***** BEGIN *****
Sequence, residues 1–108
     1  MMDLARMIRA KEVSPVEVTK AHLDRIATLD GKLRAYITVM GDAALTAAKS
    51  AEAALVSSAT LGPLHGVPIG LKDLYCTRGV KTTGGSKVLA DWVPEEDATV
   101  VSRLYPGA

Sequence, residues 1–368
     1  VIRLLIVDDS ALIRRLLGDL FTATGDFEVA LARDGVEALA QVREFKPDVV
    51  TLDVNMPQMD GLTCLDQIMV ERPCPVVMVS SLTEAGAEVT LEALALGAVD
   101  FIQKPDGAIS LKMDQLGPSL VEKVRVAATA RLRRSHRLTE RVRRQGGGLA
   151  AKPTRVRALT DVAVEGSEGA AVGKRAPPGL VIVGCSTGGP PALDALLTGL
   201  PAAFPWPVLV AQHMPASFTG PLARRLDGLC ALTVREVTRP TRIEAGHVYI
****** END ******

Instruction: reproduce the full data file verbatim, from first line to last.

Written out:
Sequence, residues 1–108
     1  MMDLARMIRA KEVSPVEVTK AHLDRIATLD GKLRAYITVM GDAALTAAKS
    51  AEAALVSSAT LGPLHGVPIG LKDLYCTRGV KTTGGSKVLA DWVPEEDATV
   101  VSRLYPGA

Sequence, residues 1–368
     1  VIRLLIVDDS ALIRRLLGDL FTATGDFEVA LARDGVEALA QVREFKPDVV
    51  TLDVNMPQMD GLTCLDQIMV ERPCPVVMVS SLTEAGAEVT LEALALGAVD
   101  FIQKPDGAIS LKMDQLGPSL VEKVRVAATA RLRRSHRLTE RVRRQGGGLA
   151  AKPTRVRALT DVAVEGSEGA AVGKRAPPGL VIVGCSTGGP PALDALLTGL
   201  PAAFPWPVLV AQHMPASFTG PLARRLDGLC ALTVREVTRP TRIEAGHVYI